Coronavirus data and pandemic
We end the month of November, the month dedicated to data, with a recommendation. This is an article written in four hands by ICT journalist Karma Peiró, and Ricardo Baeza-Yates, who is a Ph.D. in Computer Science and Director of Data Science at Northeastern University in Silicon Valley.
Entitled ‘Seven Lessons to Fight Pandemic Data’, the authors list what has not been done well enough regarding the pandemic and the treatment and communication of data. As they say, “a country’s democratic measure is measured by the transparency of its data.” Below is a short summary of each, and we invite you to consult the original article by clicking on the title.
1. Data collection errors: Without data it is not possible to understand how the pandemic is progressing, but without knowing how it has been obtained either.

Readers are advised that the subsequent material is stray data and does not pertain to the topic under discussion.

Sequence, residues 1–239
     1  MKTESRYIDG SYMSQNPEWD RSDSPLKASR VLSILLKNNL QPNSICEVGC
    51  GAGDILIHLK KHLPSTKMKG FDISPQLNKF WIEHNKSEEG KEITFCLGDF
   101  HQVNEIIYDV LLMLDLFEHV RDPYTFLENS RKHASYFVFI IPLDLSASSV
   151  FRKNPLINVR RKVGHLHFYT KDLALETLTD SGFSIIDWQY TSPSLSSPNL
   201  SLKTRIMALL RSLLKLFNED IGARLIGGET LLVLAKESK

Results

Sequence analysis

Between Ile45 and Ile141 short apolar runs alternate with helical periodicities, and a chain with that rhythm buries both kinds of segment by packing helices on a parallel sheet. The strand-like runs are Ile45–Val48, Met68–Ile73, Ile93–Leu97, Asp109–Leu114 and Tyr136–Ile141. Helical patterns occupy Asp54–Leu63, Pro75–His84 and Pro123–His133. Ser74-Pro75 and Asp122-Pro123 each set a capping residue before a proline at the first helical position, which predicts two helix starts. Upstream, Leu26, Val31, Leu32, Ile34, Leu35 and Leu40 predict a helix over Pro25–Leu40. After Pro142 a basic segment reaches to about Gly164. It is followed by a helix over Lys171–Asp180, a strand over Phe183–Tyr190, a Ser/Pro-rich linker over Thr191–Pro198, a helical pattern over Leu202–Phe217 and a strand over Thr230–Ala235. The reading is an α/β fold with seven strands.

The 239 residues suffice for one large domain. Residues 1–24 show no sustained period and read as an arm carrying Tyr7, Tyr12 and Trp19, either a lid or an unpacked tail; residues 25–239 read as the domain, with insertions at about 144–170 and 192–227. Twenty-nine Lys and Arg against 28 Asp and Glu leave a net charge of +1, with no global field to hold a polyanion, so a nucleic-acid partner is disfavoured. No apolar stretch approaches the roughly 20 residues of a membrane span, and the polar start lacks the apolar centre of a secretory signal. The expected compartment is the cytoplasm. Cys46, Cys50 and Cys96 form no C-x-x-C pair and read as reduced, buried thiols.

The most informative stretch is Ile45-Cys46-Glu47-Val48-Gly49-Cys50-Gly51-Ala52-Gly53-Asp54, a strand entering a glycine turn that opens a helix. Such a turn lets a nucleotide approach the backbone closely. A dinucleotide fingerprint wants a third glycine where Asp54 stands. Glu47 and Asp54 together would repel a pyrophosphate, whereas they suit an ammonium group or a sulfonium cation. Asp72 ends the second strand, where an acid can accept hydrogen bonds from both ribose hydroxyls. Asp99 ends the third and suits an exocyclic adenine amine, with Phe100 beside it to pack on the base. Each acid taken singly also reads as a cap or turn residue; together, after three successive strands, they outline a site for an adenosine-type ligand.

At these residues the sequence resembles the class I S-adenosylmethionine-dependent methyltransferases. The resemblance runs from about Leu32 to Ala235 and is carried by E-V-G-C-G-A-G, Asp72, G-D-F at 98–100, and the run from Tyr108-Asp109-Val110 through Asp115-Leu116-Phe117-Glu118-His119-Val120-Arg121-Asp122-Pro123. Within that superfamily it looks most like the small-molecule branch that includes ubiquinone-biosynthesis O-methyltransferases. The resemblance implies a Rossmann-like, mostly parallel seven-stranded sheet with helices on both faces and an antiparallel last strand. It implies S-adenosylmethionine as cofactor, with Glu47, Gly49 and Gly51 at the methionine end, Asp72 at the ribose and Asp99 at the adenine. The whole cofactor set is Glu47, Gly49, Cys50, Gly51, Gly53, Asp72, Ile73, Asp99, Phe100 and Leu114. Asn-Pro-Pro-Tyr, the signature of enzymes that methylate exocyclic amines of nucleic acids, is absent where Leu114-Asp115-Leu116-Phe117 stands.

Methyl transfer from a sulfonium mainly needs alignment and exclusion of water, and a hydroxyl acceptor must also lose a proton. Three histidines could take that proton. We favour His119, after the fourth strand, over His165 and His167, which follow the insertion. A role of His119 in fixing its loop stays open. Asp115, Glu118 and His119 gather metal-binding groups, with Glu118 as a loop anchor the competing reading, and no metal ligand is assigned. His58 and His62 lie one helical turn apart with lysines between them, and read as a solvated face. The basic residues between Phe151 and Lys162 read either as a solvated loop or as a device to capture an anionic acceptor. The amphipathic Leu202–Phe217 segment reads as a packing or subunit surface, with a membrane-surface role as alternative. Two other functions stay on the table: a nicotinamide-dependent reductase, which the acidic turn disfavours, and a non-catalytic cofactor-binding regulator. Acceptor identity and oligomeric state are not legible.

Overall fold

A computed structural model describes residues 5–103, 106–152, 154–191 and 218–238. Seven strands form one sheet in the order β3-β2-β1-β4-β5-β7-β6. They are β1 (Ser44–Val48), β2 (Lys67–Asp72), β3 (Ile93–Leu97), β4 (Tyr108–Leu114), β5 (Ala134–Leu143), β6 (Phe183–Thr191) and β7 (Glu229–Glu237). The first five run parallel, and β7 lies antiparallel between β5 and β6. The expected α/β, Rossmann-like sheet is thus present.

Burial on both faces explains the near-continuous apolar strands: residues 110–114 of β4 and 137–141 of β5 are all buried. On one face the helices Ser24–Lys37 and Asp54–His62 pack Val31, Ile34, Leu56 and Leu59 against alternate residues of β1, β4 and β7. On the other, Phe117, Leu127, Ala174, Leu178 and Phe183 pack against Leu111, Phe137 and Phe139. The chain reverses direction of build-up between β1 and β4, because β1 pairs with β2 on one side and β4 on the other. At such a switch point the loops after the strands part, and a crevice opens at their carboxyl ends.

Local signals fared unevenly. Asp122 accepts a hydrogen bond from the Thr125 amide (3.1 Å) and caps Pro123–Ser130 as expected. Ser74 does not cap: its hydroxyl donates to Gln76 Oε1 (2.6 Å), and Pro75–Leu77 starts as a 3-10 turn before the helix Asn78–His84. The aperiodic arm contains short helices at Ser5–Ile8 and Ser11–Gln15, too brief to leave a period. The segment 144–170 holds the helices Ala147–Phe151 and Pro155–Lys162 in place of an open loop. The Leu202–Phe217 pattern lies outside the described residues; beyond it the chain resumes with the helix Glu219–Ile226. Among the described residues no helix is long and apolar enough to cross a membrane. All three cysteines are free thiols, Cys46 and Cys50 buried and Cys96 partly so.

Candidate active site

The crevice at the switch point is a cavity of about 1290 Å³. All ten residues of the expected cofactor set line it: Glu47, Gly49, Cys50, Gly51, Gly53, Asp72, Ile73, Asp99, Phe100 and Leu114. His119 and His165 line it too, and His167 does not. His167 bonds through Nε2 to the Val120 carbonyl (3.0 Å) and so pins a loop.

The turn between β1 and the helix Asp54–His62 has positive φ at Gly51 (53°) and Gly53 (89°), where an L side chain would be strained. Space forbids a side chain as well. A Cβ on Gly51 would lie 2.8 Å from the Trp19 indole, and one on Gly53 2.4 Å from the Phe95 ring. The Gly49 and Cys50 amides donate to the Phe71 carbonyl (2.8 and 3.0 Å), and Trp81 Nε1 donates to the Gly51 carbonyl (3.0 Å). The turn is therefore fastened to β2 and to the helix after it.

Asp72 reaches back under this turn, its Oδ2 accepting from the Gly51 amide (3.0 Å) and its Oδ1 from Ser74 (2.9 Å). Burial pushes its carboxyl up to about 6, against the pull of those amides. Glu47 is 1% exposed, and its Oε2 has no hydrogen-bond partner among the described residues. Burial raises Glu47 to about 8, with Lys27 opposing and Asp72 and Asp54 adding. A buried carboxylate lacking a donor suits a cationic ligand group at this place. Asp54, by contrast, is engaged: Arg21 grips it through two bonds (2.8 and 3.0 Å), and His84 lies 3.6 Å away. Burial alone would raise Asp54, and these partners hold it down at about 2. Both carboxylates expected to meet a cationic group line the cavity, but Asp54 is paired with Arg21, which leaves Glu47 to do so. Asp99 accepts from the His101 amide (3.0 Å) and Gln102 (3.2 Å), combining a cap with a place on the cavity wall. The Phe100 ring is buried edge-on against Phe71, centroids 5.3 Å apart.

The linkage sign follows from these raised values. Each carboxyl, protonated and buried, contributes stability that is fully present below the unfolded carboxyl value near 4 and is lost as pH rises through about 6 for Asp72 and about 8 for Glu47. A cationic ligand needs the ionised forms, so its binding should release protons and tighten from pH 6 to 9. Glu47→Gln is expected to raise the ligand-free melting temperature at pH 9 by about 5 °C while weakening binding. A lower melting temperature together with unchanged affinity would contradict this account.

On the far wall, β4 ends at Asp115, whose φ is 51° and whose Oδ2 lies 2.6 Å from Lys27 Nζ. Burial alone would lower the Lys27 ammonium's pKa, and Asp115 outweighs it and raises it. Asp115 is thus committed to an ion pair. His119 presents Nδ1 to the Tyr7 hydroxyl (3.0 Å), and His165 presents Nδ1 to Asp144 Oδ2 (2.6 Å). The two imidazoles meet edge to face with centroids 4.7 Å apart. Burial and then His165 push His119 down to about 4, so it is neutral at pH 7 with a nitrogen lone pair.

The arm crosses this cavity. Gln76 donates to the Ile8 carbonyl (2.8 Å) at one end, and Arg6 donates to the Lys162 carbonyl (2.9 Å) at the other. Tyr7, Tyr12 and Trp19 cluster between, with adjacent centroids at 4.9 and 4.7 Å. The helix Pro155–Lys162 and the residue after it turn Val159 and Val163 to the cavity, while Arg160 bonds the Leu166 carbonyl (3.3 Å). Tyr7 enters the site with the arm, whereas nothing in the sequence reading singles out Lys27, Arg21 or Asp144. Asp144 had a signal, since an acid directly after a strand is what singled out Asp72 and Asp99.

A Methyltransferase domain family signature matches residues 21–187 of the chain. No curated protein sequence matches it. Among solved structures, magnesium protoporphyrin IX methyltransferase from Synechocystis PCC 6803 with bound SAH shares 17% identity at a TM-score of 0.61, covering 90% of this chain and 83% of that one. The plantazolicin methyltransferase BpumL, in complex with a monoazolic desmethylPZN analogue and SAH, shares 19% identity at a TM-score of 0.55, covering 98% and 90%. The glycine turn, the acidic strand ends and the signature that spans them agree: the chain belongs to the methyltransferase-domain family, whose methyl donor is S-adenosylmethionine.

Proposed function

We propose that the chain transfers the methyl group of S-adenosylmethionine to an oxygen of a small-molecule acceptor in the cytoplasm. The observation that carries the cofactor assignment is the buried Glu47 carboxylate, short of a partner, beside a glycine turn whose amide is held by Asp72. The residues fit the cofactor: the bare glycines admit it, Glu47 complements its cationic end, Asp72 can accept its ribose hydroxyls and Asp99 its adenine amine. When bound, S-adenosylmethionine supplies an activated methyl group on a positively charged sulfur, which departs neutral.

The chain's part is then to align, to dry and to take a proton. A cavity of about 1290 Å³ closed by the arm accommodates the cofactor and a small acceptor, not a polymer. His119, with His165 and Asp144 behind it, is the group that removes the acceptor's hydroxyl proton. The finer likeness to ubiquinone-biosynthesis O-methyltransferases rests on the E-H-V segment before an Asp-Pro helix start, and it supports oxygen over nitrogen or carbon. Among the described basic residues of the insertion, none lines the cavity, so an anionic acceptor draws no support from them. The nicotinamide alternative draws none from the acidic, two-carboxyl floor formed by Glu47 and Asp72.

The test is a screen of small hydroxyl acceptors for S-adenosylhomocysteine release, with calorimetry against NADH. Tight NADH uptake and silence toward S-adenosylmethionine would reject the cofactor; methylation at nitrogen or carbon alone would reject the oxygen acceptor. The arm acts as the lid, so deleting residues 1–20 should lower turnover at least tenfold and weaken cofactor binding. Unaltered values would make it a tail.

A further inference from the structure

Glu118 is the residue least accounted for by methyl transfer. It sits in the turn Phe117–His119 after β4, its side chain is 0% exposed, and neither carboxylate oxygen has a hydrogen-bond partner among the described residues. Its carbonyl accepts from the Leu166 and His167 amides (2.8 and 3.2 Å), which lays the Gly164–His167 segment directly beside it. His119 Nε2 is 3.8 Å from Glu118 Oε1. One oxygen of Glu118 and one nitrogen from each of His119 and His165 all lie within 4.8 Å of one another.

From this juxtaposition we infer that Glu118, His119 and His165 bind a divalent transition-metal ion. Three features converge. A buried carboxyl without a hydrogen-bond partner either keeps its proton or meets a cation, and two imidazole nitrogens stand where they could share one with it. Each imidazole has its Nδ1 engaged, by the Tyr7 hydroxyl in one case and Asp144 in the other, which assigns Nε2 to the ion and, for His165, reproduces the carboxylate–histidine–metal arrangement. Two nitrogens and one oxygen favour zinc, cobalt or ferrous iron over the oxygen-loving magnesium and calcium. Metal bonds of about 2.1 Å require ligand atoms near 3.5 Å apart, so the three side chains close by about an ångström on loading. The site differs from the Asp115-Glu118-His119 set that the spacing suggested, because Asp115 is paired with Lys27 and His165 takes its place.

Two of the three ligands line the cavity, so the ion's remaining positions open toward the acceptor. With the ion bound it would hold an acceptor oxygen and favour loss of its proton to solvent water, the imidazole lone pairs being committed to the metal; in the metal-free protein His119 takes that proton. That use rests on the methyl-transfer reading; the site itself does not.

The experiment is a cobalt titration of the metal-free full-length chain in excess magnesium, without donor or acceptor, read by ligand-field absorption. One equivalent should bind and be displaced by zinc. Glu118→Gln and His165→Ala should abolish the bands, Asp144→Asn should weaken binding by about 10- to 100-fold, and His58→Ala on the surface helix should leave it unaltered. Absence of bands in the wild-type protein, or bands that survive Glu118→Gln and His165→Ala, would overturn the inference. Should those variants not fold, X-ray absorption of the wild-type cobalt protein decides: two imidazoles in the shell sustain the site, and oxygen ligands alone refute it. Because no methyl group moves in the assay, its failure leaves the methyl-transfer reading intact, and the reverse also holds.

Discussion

2. Inaccuracy in the data: Any analysis is inaccurate and any conclusion must be considered very carefully.
3. Chaos to account for deaths: What is the cause of death if a person had a previous illness and dies of COVID-19?
4. Temporal paradoxes: The pandemic is a very dynamic process that depends on many factors, starting with civic education.
5. The importance of transparency: The transparency of data is a reflection of the level of democracy of each government and the trust of citizens. Hiding data only creates mistrust and political problems.
6. Privacy in times of pandemic: Is data privacy the price we have to pay to survive a pandemic?
7. The obsession to compare: If the criteria are different from one country to another, it is very difficult to compare them, even if they measure the same.